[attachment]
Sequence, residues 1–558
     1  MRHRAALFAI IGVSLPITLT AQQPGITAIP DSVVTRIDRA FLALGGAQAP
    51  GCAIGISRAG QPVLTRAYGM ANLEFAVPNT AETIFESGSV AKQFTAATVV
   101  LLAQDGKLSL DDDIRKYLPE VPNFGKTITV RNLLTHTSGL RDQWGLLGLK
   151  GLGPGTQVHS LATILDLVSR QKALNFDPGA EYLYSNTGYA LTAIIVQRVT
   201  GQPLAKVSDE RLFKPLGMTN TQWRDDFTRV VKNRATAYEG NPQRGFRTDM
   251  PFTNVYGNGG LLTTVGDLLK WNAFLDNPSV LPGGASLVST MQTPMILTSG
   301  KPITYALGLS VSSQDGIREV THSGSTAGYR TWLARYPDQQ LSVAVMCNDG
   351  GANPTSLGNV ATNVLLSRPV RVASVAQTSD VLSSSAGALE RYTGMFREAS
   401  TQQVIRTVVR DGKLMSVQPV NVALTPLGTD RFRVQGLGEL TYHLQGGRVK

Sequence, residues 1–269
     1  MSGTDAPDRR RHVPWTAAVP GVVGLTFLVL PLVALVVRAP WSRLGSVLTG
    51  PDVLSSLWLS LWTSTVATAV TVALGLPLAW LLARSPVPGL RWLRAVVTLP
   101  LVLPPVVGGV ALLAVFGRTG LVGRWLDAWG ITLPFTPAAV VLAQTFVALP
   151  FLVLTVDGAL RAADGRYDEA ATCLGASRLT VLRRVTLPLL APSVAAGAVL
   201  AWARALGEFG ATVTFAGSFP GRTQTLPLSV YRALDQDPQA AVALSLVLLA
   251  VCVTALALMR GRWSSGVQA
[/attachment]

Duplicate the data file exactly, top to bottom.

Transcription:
Sequence, residues 1–558
     1  MRHRAALFAI IGVSLPITLT AQQPGITAIP DSVVTRIDRA FLALGGAQAP
    51  GCAIGISRAG QPVLTRAYGM ANLEFAVPNT AETIFESGSV AKQFTAATVV
   101  LLAQDGKLSL DDDIRKYLPE VPNFGKTITV RNLLTHTSGL RDQWGLLGLK
   151  GLGPGTQVHS LATILDLVSR QKALNFDPGA EYLYSNTGYA LTAIIVQRVT
   201  GQPLAKVSDE RLFKPLGMTN TQWRDDFTRV VKNRATAYEG NPQRGFRTDM
   251  PFTNVYGNGG LLTTVGDLLK WNAFLDNPSV LPGGASLVST MQTPMILTSG
   301  KPITYALGLS VSSQDGIREV THSGSTAGYR TWLARYPDQQ LSVAVMCNDG
   351  GANPTSLGNV ATNVLLSRPV RVASVAQTSD VLSSSAGALE RYTGMFREAS
   401  TQQVIRTVVR DGKLMSVQPV NVALTPLGTD RFRVQGLGEL TYHLQGGRVK

Sequence, residues 1–269
     1  MSGTDAPDRR RHVPWTAAVP GVVGLTFLVL PLVALVVRAP WSRLGSVLTG
    51  PDVLSSLWLS LWTSTVATAV TVALGLPLAW LLARSPVPGL RWLRAVVTLP
   101  LVLPPVVGGV ALLAVFGRTG LVGRWLDAWG ITLPFTPAAV VLAQTFVALP
   151  FLVLTVDGAL RAADGRYDEA ATCLGASRLT VLRRVTLPLL APSVAAGAVL
   201  AWARALGEFG ATVTFAGSFP GRTQTLPLSV YRALDQDPQA AVALSLVLLA
   251  VCVTALALMR GRWSSGVQA